Chaka Khan's 10 greatest songs, ranked

30 June 2023, 11:20

Chaka Khan is the undisputed Queen Of Funk.
Chaka Khan is the undisputed Queen Of Funk. Picture: Warner Bros. Records

By Thomas Curtis-Horsfall

There's a reason why she's the Queen Of Funk.

Funk and Chaka Khan can't be mentioned in the same breath, given that she was the first woman to truly pioneer the genre during the beginning of her career with her band Rufus and beyond.

Not enough superlatives can be used to describe Chaka and the influence her music has had, inspiring countless artists and picking up ten Grammy Awards on the way. Not to mention selling a mammoth 70 million records worldwide.

The distinctive hair, the gleaming smile, the buckets of energy, that voice. Chaka Khan (real name Yvette Marie Stevens) is an icon of R&B, funk, and soul music in every sense of the word.

She's created a legendary body of work to prove it across her five-decade career, and is still releasing vibrant records to this day.

That said, here are the ten greatest Chaka Khan songs, ranked from top to bottom:

  1. 'What Cha' Gonna Do For Me'

    Chaka Khan - What Cha' Gonna Do For Me (Official Music Video)

    This swooning R&B number was Chaka Khan's most successful charting track at the time she released it in 1981.

    From the album of the same name - which also featured a cover of The Beatles' 'We Can Work It Out' - 'What Cha' Gonna Do For Me' was written by members of the Average White Band which earned it two weeks at the top of the Billboard R&B charts.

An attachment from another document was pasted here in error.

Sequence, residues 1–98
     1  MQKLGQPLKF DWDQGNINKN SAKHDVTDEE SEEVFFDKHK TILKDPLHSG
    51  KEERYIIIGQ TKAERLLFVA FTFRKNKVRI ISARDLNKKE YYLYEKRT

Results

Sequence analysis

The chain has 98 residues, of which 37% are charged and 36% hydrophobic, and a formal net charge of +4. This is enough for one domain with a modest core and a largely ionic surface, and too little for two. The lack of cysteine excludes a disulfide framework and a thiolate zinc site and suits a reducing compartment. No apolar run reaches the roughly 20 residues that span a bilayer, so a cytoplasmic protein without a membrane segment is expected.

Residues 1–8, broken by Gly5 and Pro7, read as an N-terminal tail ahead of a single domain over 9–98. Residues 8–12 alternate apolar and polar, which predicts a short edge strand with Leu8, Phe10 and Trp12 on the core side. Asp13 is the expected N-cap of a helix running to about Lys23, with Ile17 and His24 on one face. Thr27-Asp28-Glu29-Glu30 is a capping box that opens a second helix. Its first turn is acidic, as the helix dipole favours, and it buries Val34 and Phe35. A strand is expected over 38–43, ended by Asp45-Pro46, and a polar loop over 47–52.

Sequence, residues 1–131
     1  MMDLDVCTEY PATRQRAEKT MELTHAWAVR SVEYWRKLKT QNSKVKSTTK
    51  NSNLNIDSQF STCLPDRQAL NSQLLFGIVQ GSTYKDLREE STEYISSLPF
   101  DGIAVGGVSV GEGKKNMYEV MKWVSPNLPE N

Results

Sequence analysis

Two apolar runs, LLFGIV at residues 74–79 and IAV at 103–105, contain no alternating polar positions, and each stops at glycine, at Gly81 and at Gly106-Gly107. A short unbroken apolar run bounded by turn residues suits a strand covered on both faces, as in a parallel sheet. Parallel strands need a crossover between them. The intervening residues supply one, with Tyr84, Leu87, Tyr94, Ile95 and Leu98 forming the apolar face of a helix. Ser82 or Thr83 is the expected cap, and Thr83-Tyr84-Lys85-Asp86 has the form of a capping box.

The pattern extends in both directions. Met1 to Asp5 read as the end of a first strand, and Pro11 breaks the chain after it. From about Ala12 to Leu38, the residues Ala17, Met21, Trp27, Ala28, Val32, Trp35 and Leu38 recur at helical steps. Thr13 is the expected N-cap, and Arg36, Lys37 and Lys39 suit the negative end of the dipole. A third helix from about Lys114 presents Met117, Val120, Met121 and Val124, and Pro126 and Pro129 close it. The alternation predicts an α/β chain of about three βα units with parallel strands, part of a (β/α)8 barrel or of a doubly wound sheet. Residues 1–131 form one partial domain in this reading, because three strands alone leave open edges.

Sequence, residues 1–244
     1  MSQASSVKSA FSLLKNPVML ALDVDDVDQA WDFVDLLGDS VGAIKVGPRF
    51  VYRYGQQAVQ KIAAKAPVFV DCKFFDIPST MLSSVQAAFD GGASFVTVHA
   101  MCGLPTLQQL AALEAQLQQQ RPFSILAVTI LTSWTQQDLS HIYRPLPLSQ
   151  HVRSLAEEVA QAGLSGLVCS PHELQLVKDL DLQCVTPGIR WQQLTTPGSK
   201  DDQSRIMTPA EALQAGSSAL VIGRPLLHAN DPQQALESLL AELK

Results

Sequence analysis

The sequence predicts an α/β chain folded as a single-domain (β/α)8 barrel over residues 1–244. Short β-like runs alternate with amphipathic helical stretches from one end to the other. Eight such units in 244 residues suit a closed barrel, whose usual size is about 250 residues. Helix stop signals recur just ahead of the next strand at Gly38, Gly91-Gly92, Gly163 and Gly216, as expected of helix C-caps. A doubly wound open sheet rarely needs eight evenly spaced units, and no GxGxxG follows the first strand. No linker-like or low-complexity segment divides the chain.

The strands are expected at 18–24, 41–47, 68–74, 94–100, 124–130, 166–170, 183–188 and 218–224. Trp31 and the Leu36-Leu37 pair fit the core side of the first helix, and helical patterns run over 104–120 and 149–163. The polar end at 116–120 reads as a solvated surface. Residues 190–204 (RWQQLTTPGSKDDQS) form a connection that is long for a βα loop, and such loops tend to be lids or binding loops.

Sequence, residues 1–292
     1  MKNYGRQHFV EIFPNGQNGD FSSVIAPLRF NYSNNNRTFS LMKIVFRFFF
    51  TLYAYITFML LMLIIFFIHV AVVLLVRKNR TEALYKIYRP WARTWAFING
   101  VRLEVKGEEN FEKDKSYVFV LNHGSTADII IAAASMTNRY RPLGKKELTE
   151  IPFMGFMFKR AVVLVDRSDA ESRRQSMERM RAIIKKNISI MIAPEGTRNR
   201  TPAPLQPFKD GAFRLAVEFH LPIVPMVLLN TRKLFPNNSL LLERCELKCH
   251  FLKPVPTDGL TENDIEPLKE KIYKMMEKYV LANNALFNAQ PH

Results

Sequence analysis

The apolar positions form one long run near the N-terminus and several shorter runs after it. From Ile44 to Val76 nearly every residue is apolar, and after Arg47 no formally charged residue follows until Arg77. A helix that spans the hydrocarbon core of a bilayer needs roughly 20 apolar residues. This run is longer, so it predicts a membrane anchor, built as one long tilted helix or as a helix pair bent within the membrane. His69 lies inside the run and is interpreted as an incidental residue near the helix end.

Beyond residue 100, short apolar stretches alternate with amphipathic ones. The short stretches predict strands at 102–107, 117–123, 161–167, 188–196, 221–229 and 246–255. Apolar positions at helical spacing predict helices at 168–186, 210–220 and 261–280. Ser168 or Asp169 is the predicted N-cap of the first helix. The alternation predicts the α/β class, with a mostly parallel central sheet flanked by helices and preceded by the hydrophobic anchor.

2. 'Disrespectful' (ft. Mary J.Blige)

    Chaka Khan - Disrespectful (feat. Mary J. Blige) - The Official Video -

    Two titanic voices of R&B joined forces for 2007 hit 'Disrespectful', with Mary J Blige guesting on the Chaka Khan song from her album Funk This.

    The sassy dance track even bagged the pair the Grammy Award for Best R&B Performance by a Duo or Group with Vocals the following year.

  3. 'Do You Love What You Feel' (with Rufus)

    Do You Love What You Feel

    This Quincy Jones-produced number became a disco/soul hit for Chaka's former band Rufus, from the album Masterjam which Quincy also produced.

    Peaking at the top of the Billboard Hot Soul Singles chart (now known as the Hot R&B/Hip-Hop Songs chart), it was the final song of the 1970s to achieve the feat whilst crossing onto the mainstream singles charts too.

  4. 'Sweet Thing' (with Rufus)

    Rufus & Chaka Khan - Sweet Thing (1975)

    'Sweet Thing' was one of Chaka Khan's first hits with her former band Rufus, having written the song together with the band's guitarist and her then-boyfriend Tony Maiden.

    Though, she wasn't impressed when her pal Mary J Blige later covered the track saying that it was "the song Mary J Blige f***ed up" at a concert as a back-handed joke.

    The pair were friends of course, and even performed 'Sweet Thing' together years later.

  5. 'Like Sugar'

    Chaka Khan - Like Sugar (Official Video)

    The inescapably funky 'Like Sugar' came out in 2018, and proved that Chaka Khan still had the minerals to make tracks funk hard.

    Its infectious rhythm made it a sleeper hit of sorts for Chaka, showing newer generations at the age of 65 why she rightly earned the title 'Queen Of Funk'.